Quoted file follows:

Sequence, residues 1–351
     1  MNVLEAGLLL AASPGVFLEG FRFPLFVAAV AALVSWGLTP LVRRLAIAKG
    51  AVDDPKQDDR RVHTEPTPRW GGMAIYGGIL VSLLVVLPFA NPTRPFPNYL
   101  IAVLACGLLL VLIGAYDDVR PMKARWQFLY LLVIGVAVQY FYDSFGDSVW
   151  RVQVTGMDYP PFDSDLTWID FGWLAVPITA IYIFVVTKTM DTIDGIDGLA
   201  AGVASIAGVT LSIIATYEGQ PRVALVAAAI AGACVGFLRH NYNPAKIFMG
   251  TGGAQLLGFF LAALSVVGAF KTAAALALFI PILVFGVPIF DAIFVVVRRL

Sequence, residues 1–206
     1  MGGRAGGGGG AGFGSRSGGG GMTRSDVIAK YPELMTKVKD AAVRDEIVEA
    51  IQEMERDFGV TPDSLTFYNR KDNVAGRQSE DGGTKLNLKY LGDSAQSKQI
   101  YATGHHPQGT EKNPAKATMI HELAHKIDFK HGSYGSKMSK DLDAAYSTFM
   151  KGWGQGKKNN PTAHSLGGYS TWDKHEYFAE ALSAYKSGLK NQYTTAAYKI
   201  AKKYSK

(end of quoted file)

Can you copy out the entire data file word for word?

Sequence, residues 1–351
     1  MNVLEAGLLL AASPGVFLEG FRFPLFVAAV AALVSWGLTP LVRRLAIAKG
    51  AVDDPKQDDR RVHTEPTPRW GGMAIYGGIL VSLLVVLPFA NPTRPFPNYL
   101  IAVLACGLLL VLIGAYDDVR PMKARWQFLY LLVIGVAVQY FYDSFGDSVW
   151  RVQVTGMDYP PFDSDLTWID FGWLAVPITA IYIFVVTKTM DTIDGIDGLA
   201  AGVASIAGVT LSIIATYEGQ PRVALVAAAI AGACVGFLRH NYNPAKIFMG
   251  TGGAQLLGFF LAALSVVGAF KTAAALALFI PILVFGVPIF DAIFVVVRRL

Sequence, residues 1–206
     1  MGGRAGGGGG AGFGSRSGGG GMTRSDVIAK YPELMTKVKD AAVRDEIVEA
    51  IQEMERDFGV TPDSLTFYNR KDNVAGRQSE DGGTKLNLKY LGDSAQSKQI
   101  YATGHHPQGT EKNPAKATMI HELAHKIDFK HGSYGSKMSK DLDAAYSTFM
   151  KGWGQGKKNN PTAHSLGGYS TWDKHEYFAE ALSAYKSGLK NQYTTAAYKI
   201  AKKYSK